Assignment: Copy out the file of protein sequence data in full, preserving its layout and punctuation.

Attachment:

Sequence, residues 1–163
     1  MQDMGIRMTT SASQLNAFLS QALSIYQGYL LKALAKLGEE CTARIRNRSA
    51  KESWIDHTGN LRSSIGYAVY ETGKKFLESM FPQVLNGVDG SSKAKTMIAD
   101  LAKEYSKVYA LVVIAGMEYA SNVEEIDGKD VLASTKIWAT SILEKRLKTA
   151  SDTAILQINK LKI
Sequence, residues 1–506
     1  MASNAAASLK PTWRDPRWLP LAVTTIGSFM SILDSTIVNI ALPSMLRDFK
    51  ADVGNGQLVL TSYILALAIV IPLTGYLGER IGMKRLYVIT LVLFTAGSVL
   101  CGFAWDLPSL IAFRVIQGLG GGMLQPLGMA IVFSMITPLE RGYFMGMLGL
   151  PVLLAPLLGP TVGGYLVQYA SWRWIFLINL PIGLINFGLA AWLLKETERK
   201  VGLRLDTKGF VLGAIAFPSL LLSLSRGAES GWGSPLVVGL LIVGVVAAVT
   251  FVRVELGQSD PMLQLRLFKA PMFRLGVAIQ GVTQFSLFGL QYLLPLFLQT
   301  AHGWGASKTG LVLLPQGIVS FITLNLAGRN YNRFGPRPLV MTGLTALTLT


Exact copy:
Sequence, residues 1–163
     1  MQDMGIRMTT SASQLNAFLS QALSIYQGYL LKALAKLGEE CTARIRNRSA
    51  KESWIDHTGN LRSSIGYAVY ETGKKFLESM FPQVLNGVDG SSKAKTMIAD
   101  LAKEYSKVYA LVVIAGMEYA SNVEEIDGKD VLASTKIWAT SILEKRLKTA
   151  SDTAILQINK LKI
Sequence, residues 1–506
     1  MASNAAASLK PTWRDPRWLP LAVTTIGSFM SILDSTIVNI ALPSMLRDFK
    51  ADVGNGQLVL TSYILALAIV IPLTGYLGER IGMKRLYVIT LVLFTAGSVL
   101  CGFAWDLPSL IAFRVIQGLG GGMLQPLGMA IVFSMITPLE RGYFMGMLGL
   151  PVLLAPLLGP TVGGYLVQYA SWRWIFLINL PIGLINFGLA AWLLKETERK
   201  VGLRLDTKGF VLGAIAFPSL LLSLSRGAES GWGSPLVVGL LIVGVVAAVT
   251  FVRVELGQSD PMLQLRLFKA PMFRLGVAIQ GVTQFSLFGL QYLLPLFLQT
   301  AHGWGASKTG LVLLPQGIVS FITLNLAGRN YNRFGPRPLV MTGLTALTLT